If there was any doubt...

Tuesday, August 19, 2008

If there was any doubt...

...as to what Rabbi Marc Schneier is all about, this encapsulates it very well.

the reminder to "get your tributes in on time. Click image for larger version."

Perhaps it's just the way it's worded... "your personal note of gratitude..." but it recalls a tee-shirt once presented to my daughter-in-law the TV-stage-screen actress. It read:

It's All AboutMe!

A "personal note of gratitude, eh?

It appears that a simple half-page reading:

Congratulations on your first 25, Rabbi.
We look forward to the next 25. Mazel tov!
...wouldn't cut it.

 

Comments

1. Hampton West said...

There seems to be something about certain rabbis, their followers, and egos. You have some Lubavitchers who believe Rabbi Schneerson was indeed the messiah and that at times he stated that. I'm not suggesting Rabbi Schneier is at that level but there seems to be a cult of personality that goes hand in hand with some of these leaders.

2. Rob F. said...

Did you catch that "Thank you for all you have created" at the top of the invitation to purchase an ad in the journal? Hopefully the rabbi will be able to rest on the seventh day.

O, Lawdy! No, I completely missed that... funny!
Dean

3. Morris Tuchman said...

Dean; I do not normally comment on ad hominem attacks, as they do not deal with issues but personal feelings, and comments on them are usually pointless. However, your recent attacks against Rabbi Schneier, as a person, compel a response, on the facts.

Your blog recognized that, despite "provocation" (your word), Rabbi Schneier took the "high road" (again your words). Yet when correspondence emanated from the Synagogue, you saw self-promotion in the letterhead. The letterhead used this year, is unique to this year. Since it is the Synagogue's 18th year, which is a milestone for it because 18 represents "chai," or life, in Hebrew, and Rabbi Schneier's 25th year, a milestone in the rabbinate, the letterhead was altered this year to reflect these milestones. There was no "self promotion" for the 17 earlier years of the Synagogue and next year's letterhead will return to the original format. It, therefore, is just unfortunate that correspondence from the Synagogue, in your mind, took on a hue of ego.

You have also asserted that the "last call" for journal ads recognizing these milestones is further evidence of puffery. Again, this misreads the message badly. Since the dinner is next week, the E-mail was designed to alert people to the journal ad closing date and was not a solicitation of praise. Indeed, many congregants would be upset if they missed the deadline as each has their own story of gratitude to tell the Rabbi.

You do not support your assertion that the Rabbi has "broken faith" with or snubbed" the interfaith council. In fact, there is no doubt the Reverend David, and the Wardens, invited Rabbi Schneier to speak. It was the Vestry, or better said the lay leadership that employs the Reverend, that rescinded the invitation. (It is noteworthy in this regard that your blog asked the Rabbi to go across the street to the country club while he was at Saint Marks.) Reverend David was at the Synagogue for a lovely, lively discussion two years ago and there really is no apparent tension between the the Rabbi and the Church's religious leadership.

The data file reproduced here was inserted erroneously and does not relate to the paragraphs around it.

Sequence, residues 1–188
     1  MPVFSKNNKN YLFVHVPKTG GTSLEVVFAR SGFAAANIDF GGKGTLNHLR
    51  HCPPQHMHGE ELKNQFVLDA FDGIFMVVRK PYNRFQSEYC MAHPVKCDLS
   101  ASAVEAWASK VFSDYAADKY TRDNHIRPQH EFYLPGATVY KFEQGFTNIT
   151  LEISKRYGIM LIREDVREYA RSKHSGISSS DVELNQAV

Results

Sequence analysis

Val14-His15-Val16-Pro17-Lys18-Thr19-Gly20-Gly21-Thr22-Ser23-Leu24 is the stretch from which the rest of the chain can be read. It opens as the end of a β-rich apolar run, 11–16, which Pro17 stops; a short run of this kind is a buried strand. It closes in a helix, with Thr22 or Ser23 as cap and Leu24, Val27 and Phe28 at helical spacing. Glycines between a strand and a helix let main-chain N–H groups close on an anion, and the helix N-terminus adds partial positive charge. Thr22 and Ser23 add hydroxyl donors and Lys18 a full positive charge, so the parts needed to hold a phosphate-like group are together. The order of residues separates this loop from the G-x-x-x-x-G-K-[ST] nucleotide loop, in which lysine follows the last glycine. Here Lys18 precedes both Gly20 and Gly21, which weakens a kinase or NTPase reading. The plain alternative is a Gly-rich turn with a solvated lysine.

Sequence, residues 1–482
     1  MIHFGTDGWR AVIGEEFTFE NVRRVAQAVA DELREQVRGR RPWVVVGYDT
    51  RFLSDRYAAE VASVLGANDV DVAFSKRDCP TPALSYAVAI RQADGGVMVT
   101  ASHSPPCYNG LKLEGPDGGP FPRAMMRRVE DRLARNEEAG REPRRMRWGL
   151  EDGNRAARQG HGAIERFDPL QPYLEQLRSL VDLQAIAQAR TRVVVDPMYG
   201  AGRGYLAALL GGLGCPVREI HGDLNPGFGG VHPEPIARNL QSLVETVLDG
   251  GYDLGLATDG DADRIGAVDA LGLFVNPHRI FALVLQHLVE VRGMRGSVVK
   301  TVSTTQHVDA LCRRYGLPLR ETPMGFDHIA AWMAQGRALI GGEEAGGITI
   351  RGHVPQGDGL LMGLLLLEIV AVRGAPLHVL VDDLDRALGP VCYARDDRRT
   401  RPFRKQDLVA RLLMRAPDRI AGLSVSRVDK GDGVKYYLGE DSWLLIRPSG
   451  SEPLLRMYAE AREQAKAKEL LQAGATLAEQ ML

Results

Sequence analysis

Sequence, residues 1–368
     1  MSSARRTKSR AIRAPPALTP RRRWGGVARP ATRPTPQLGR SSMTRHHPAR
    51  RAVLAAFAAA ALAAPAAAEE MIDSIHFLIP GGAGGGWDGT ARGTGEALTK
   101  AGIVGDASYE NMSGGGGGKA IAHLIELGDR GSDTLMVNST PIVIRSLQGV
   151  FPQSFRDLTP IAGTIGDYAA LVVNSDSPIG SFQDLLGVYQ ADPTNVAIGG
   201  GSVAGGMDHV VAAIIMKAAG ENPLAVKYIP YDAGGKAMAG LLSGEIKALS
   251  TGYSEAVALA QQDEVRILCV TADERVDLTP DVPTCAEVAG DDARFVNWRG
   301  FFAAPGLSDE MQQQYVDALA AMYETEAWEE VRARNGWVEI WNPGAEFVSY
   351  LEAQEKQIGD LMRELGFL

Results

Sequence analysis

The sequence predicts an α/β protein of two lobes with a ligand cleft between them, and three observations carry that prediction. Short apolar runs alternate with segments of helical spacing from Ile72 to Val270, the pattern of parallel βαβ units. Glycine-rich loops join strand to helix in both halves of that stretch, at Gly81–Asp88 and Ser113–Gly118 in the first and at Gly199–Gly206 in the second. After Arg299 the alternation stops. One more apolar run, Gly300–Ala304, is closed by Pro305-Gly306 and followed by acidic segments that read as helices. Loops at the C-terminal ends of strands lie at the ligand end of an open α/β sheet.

Finally (or better said, all that I have time for), you keep asserting that the Rabbi misled people 18 years ago in asserting, logically, that "orthodox" Jews do not drive and therefore will not need parking space for Saturday services. How Rabbi Schneier could have imagined that reform and conservative Jews would give up boating, tennis and other leisure activities to attend a 2&fract12;-to-3 hour service on Saturdays is beyond anyone's contemplation. Indeed, the Synagogue overflows its space weekly. Rabbi Schneier certainly would have built a larger Synagogoue had he contemplated the need for hundreds of extra seats. He did not because he could not contemplate the need. And the quote that you refer to in wonderment about "there never was a Synagogue..." was related to me, not by Rabbi Schneier, but other members of the congregation who were there at the time. (I was not, having moved to Westhampton Beach in 1994). Your attribution of the quote to Rabbi Schneier is unfounded.

As I said in my talk at the Synagogue that you attended, leaders are often controversial. Rabbi Schneier is no exception. I am sure that he has made comments that were intemperate and regrets doing so. On the other hand, he aggressively attends to the needs of his flock, and they love him for it. Indeed, that is why Jews from all persuasions attend the Synagogue even with its "alien" customs and traditions. I must put one "comment" to rest. He never compared Westhampton Beach to Nazi Germany, although you keep asserting that he did. A full page ad came out in a local newspaper that, in effect, said "no more Jews". That was the very week that Joe Garay, a holocaust survivor was honored as father of the year. Rabbi Schneier, still taking the high road, merely pointed out that bigotry was rearing its head in the village.

So many important issues raised here, that this, as has been done previously with David Reilly and Glenn Dorskind, deserves to be on the "main page."
– Dean

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